I was looking forward to my first experience with anesthesia. I had been laid out on a stretcher, and nurses and doctors were prepping my midsection so they could slice it open and cut out my appendix. After a bout of appendicitis, a short vacation from consciousness seemed like a pleasant way to spend a few hours. I had no idea what anesthesia would actually feel like, though, and suddenly I was seized by skepticism. I tried to hoist myself up, already swabbed in iodine, as I suggested that I ought to pop into the men’s room before the scalpels came out. I wouldn’t want to interrupt the surgery with a bathroom break. “Don’t worry,” one of the nurses replied. “We’ll do that for you.”
I lay back down, puzzling over that. After a nurse put the IV into my hand, I had to interrupt again: The anesthesia flowing into my arm was not working. I just couldn’t believe that anything would keep me asleep while someone was knitting up my intestines. The nurses and doctors nodded in my direction as I tried to explain the problem to them, but I was sure they weren’t taking me seriously. I took a long, slow blink. And then there were no doctors and nurses around me. I was lying alone in a new room, recovering from my surgery.
Ever since that experience, I’ve wondered what exactly happened in my head. It didn’t feel like sleep. It was not a blackout, either. It was as if the surgeons had simply cut a few hours out of my life and joined together the loose ends. So I decided to get more familiar with the science behind anesthesia. To my surprise, I discovered that anesthesiologists are a bit in the dark themselves. “How anesthesia works has been a mystery since the discovery of anesthesia itself,” writes Michael Alkire, an anesthesiologist at the University of California at Irvine School of Medicine, in the new Encyclopedia of Consciousness.
The first public demonstration of anesthesia during surgery took place in 1846 in Boston. A man named Gilbert Abbott took some deep drafts of ether, and surgeons began cutting a tumor off his jaw. The audience was shocked that Abbott did not scream and squirm. One London newspaper expressed the amazement that many must have felt: “Oh, what delight for every feeling heart to find the new year ushered in with the announcement of this noble discovery of the power to still the sense of pain and veil the eye and memory from all the horrors of an operation.”
Today anesthesiologists have a number of drugs to choose from, as well as machines to administer them safely. Every year tens of millions of people get general anesthesia. In 2008 Columbia University epidemiologist Guohua Li reported that each year only one person in a million suffers an anesthesia-related death in the United States. But for all these achievements, anesthesia remains deeply puzzling.
To begin with, anesthesiologists have no precise way to determine when people lose consciousness. In Abbott’s day, doctors would simply ask their patients to respond, perhaps by opening their eyes. A lack of response was taken as a sign of unconsciousness. Many modern anesthesiologists talk to their patients, but judging the response is made more complicated by the muscle relaxants that they also use. Sometimes the anesthesiologist will use a blood pressure cuff on a patient’s arm to block the muscle relaxants in the bloodstream. Then the doctor asks the patient to squeeze a hand.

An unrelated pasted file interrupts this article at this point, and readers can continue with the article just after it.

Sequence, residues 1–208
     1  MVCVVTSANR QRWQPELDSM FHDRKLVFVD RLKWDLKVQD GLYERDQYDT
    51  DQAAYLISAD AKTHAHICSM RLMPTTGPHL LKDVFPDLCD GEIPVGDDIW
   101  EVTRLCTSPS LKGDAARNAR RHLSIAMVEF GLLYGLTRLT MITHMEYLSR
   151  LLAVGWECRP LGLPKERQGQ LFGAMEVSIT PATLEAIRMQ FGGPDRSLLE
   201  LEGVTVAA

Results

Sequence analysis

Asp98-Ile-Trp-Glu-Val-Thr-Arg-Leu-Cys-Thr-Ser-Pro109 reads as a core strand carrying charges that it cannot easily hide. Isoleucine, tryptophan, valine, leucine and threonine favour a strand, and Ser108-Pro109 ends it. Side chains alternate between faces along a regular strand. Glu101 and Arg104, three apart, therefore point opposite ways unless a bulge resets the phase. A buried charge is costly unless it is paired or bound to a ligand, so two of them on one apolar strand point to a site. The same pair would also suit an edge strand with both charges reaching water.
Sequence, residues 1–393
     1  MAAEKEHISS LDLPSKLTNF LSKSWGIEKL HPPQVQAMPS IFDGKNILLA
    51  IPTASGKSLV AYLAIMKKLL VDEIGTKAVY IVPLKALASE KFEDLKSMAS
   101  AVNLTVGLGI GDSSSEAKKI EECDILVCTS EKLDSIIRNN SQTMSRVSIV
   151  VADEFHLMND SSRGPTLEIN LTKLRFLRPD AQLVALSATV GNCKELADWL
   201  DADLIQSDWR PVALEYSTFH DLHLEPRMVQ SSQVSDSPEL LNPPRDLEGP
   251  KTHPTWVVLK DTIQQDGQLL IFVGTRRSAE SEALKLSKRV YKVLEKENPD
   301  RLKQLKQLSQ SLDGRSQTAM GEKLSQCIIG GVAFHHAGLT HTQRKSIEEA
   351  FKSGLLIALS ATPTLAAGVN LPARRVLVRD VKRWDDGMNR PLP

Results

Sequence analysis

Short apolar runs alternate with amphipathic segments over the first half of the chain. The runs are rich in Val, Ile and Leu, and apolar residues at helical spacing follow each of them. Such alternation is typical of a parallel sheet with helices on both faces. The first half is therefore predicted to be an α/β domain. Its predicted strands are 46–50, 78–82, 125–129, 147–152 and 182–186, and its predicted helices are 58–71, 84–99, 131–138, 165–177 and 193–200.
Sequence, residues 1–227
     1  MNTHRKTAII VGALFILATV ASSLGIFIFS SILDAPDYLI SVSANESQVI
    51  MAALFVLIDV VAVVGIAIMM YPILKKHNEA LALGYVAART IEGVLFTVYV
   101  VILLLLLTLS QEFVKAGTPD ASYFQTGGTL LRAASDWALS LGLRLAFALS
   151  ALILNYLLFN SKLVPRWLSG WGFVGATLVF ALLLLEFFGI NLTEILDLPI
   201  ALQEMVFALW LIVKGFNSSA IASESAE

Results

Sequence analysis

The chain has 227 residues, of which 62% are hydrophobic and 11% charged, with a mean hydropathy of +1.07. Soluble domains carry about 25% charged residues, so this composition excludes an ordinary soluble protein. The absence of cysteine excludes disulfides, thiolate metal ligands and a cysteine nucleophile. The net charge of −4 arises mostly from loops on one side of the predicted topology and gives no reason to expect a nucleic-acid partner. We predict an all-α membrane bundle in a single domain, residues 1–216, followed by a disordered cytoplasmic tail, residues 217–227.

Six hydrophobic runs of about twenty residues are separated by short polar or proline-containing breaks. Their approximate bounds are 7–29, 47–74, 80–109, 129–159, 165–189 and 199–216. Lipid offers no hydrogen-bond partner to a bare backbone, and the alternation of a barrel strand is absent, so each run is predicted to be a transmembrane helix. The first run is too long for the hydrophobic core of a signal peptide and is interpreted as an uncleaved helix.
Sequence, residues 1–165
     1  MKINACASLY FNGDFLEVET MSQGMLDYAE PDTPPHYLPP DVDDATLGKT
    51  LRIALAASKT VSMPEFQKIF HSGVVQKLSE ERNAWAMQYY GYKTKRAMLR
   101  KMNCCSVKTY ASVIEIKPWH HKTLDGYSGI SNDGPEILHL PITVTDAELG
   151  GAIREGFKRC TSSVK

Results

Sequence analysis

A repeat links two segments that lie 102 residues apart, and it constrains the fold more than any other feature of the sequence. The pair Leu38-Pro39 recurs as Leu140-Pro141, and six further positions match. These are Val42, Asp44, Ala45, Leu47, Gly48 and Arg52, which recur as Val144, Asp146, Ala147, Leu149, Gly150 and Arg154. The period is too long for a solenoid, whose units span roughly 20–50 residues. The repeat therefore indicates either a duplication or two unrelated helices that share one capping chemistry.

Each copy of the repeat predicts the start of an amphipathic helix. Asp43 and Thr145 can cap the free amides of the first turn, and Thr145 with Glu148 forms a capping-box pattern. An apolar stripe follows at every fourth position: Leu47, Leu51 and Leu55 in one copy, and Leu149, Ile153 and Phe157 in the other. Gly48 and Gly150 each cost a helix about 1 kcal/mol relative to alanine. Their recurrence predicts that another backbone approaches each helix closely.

This sort of test can distinguish between a patient who is awake and one who is out cold. But at the borderline of consciousness, it is not very precise. The inability to raise your hand, for example, doesn’t necessarily mean that you are unconscious. Even a light dose of anesthesia can interfere with your capacity to keep new pieces of information in your brain, so you may not respond to a command because you immediately forgot what you were going to do. On the other hand, squeezing an anesthesiologist’s hand may not mean you’re wide awake. Some patients who can squeeze a hand will later have no memory of being aware.
Seeking a more reliable measuring stick, some researchers have started measuring brain waves. When you are awake, your brain produces fast, small waves of electrical activity. When you are under total anesthesia, your brain waves become deep and slow. If you get enough of certain anesthetics, your brain waves eventually go flat. Most anesthesiologists monitor their patients using a machine known as a bispectral index monitor, which reads brain waves from electrodes on a patient’s scalp and produces a score from 100 to 0. But these machines aren’t precise either. Sometimes patients who register as unconscious can still squeeze a hand on command.
The problem with all these methods is that anesthesiologists don’t really know what it is they are trying to measure. So Alkire and other scientists are using neuroimaging to peer into the anesthetized brain to see what happens when it succumbs. In a typical experiment, a volunteer lies in an fMRI brain scanner, which can measure the amount of oxygen used in different parts of the brain. A researcher gives the volunteer anesthesia and measures how those brain regions respond.